LM> Charlie is an absolute legend. I fell in love with him at one of the first castings when he created a highly elaborate journey to another planet; it had a breathable atmosphere but with acid soil and he had to fend off the aliens with a special lightsaber while his bear used special floating and invisibility powers to provide a complex backup response. All I’d asked him to do was pretend the chair was a ship!
It was his sense of imagination and ability to create worlds completely on his own and spend time playing independently that we knew would be perfect for the film.
As Charlie isn’t a bereaved kid it was important to me that he wasn’t trying to pretend to be one or to act like one. I just wanted him to be a natural kid, genuinely playing around the house. There were a few sneaky things we did just before rolling to make things a little bit difficult for him to do - like filling the milk bottle to the very top so that he struggled with it, which was great because he just battled through it problem solving in his own way.
LBB> The documentary is as, if not more, powerful than the actual ad - can you tell us a bit about your experiences shooting that? How did shooting people with 'real' stories differ to shooting the ad?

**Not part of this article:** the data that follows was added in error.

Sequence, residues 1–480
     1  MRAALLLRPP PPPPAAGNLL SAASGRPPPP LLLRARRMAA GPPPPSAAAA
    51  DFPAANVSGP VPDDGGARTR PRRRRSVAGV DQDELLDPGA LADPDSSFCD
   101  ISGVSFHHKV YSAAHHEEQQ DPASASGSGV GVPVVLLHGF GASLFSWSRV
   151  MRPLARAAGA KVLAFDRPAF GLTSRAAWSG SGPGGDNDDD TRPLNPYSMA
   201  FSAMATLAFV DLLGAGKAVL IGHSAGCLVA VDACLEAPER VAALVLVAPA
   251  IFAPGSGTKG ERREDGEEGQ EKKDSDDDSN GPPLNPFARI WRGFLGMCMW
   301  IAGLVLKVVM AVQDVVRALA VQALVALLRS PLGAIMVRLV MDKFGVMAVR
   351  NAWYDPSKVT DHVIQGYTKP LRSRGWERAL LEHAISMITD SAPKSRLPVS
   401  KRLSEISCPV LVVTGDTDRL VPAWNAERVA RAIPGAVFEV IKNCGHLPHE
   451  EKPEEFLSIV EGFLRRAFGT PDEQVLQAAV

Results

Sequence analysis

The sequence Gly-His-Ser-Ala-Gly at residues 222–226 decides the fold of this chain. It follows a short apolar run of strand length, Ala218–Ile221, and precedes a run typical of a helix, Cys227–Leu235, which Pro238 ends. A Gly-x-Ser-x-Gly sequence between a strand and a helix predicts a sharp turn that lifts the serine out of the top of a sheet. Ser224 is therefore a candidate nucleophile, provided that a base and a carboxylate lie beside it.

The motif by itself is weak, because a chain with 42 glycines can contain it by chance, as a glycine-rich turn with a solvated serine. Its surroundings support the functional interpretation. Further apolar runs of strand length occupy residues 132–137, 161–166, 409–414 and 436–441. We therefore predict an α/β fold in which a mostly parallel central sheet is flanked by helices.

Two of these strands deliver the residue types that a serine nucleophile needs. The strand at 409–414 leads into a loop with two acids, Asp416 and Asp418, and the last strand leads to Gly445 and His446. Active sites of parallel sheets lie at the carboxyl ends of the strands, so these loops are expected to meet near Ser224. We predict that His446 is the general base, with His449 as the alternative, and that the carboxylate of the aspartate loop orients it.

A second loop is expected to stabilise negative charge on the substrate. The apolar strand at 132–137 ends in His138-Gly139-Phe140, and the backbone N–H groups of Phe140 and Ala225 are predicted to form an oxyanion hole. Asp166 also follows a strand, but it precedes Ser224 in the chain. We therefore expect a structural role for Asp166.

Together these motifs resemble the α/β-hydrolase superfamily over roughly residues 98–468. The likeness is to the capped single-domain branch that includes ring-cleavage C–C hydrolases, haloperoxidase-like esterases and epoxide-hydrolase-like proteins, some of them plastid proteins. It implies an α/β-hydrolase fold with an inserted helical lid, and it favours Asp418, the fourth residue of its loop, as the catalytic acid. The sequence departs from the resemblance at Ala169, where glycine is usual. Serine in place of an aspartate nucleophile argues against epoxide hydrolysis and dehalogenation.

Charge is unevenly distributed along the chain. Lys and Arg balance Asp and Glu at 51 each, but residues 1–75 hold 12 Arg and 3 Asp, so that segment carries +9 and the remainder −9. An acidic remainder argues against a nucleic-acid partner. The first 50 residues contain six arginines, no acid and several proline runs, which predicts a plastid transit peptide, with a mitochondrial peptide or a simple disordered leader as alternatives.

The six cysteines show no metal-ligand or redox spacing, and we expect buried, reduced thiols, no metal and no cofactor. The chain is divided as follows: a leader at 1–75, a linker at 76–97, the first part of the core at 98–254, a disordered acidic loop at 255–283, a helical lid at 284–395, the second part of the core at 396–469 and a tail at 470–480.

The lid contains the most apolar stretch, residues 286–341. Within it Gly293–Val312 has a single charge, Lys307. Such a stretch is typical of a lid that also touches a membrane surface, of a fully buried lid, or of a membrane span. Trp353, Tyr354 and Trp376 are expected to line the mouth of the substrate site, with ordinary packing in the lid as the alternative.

LM> Shooting the documentary is one of the hardest things I’ve had to do as a director. As I was interviewing the families and kids it was really tough to have people cry at you and breakdown as they spoke about losing their partners, dads, mums etc. I learned so much about just how important Grief Encounter is to these kids and families. The work they do is extraordinary and humbling.
LBB> What kind of emotions did shooting this campaign evoke for you personally?
LM> During the documentary shoot I was a bit of a mess! It was hard to know what to do with all the stories and breakdowns after I’d heard them all - obviously I’m not a trained counsellor so I think it weighed me down a bit until we finally had the edit locked off and could get it out into the world.
I also had a great sense of gratitude that I’ve been lucky enough not to have experienced significant grief in my life. I'm also thankful that a charity like Grief Encounter exists to help kids and families through one of the most difficult things that they will ever experience.
LBB> What were the toughest aspects and how did you overcome them?
LM> I guess just the emotion of it all and the deep sense of wanting to do the very best you can for the charity so they can get the awareness and funding that they need to keep going forward. Everyone who worked on the project was passionate about the charity. Surprisingly a lot of the crew and post production people along the way had direct experience with losing a parent when they were young - so both of the shoots were great and had a real sense of working together for a great cause.
Genres: People, Storytelling
Categories: Charity, Corporate, Social and PSAsLBB Editorial, Wed, 02 Apr 2014 15:48:37 GMT